Google Locks Down Stolen Credentials

Search Giant Says Its Systems Were Not Breached
Google Locks Down Stolen Credentials

In the wake of a list of 5 million stolen Gmail usernames and passwords appearing on the Internet, Google says it has locked down all affected accounts. The search giant says that it's detected no breach of its systems that might have resulted in the credential dump and suggests the information came from other sources.

See Also: Rethinking Endpoint Security

"We're always monitoring for these dumps so we can respond quickly to protect our users. This week, we identified several lists claiming to contain Google and other Internet providers' credentials," Google's spam and abuse team says in a "cleaning up after password dumps" blog post.

The information reportedly first surfaced on Russian cybercrime forums, and was soon circulating via file-sharing sites and BitTorrent. "It's important to note that in this case and in others, the leaked usernames and passwords were not the result of a breach of Google systems," the company says. "Often, these credentials are obtained through a combination of other sources."

Many of the leaked credentials appear to be at least three years old, and to relate primarily to U.S. and U.K. users, according to a Danish language analysis of the password dumps published by Peter Kruse, an e-crime specialist at security firm CSIS Security Group.

Google says most of the leaked credentials would have posed little risk to Google service users. "We found that less than 2 percent of the username and password combinations might have worked, and our automated anti-hijacking systems would have blocked many of those login attempts," the company reports. "We've protected the affected accounts and have required those users to reset their passwords."

Security experts have commended Google for quickly reviewing the leaked data and locking down at-risk accounts in the wake of the credential leak. "Kudos to Google for analyzing the contents of the password dump and releasing information in a blog post following disclosure," London-based Gavin Millard, who's the European, Middle East and Asia technical director at Tenable Network Security, tells Information Security Media Group. "Follow their good advice and use two-step verification for login, if you don't already, to protect your account."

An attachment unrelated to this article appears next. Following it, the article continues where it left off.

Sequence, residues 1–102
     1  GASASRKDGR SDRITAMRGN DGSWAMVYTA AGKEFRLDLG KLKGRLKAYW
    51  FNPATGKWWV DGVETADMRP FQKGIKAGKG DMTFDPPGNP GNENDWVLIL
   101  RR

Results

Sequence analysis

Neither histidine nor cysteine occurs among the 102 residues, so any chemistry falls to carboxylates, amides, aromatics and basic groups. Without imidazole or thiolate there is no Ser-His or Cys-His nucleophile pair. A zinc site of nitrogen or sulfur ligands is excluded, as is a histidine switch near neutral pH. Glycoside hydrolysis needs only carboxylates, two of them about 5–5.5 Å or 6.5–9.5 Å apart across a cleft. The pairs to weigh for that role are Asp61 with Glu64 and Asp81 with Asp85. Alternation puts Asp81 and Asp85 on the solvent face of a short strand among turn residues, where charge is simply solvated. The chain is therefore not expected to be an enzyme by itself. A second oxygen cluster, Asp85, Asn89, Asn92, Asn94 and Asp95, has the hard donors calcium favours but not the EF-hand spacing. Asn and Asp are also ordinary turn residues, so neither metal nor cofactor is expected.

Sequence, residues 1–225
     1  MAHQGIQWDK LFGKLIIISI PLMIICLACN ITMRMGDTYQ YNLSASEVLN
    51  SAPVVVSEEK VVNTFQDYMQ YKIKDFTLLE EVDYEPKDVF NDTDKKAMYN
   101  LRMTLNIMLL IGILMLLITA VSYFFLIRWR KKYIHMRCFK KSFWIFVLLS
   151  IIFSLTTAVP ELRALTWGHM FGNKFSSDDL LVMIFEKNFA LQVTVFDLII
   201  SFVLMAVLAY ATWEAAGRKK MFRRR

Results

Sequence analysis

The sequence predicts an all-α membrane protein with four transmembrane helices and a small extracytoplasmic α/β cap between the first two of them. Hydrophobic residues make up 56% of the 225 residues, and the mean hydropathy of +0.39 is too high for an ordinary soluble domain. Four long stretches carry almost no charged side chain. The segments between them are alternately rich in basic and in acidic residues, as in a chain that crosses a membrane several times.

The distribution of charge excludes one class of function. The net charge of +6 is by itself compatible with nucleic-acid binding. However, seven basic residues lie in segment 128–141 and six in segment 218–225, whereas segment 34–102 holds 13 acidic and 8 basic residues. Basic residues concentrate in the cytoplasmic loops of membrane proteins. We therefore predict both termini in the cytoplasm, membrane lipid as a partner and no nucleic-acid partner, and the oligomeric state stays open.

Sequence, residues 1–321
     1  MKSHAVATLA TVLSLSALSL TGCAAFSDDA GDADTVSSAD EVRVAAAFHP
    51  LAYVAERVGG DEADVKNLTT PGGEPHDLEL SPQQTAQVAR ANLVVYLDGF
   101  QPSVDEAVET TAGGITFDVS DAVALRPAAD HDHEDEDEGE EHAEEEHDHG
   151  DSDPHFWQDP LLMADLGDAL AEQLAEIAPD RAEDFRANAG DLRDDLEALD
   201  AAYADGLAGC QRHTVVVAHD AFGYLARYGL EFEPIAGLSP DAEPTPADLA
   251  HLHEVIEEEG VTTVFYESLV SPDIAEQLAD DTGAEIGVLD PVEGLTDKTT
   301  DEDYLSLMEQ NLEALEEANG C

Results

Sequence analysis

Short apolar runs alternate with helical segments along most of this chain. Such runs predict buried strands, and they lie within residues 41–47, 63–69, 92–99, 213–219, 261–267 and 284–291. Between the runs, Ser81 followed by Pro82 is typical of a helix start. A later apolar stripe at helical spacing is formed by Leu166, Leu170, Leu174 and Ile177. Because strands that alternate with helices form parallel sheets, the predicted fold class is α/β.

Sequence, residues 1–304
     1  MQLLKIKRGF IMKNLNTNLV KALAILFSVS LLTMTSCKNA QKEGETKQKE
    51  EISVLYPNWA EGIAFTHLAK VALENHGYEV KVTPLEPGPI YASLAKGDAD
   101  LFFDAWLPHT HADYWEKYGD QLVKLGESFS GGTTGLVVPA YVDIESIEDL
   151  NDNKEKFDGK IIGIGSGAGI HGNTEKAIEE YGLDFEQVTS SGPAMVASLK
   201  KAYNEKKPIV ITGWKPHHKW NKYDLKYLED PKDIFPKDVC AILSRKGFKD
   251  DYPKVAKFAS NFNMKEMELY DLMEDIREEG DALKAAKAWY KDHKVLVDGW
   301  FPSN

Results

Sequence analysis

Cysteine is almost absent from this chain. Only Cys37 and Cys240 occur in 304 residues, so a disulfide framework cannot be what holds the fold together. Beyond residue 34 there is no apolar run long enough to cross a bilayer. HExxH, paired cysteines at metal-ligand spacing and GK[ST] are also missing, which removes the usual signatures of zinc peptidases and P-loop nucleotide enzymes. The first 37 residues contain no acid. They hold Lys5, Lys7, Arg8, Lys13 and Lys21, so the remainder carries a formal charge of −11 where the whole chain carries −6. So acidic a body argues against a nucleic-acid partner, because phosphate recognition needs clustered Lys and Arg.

Gavin Millard at Tenable Network Security discusses the credential dump

Leak Source Remains Unknown

The question of where the dumped credentials originated remains unanswered, although many security experts suspect they were amassed using a combination of phishing e-mails, botnet-backed malware infections on consumers' PCs, and hacks of third-party sites, all of which would have captured numerous credentials, not just related to Gmail users.

"The leaked passwords are more than likely from a larger cache, probably multiple ones, that an enterprising hacker spent a few minutes 'grepping' through for @gmail addresses," says Millard, referring to the Unix command-line utility grep, which can be used to search plain text for data that matches a given expression. "It's pretty common following a password dump that they are searched through for useful domains like corporate addresses for further exploitation."

If the dumped credentials didn't come from a breach of Google's systems, that means the leaked passwords associated with the Google usernames - which also function as Gmail addresses - were likely created for other sites. But because many people reuse their passwords across multiple sites, the risk now is that attackers could use the leaked credentials to log into any site at which a user registered using their Gmail address and the reused password.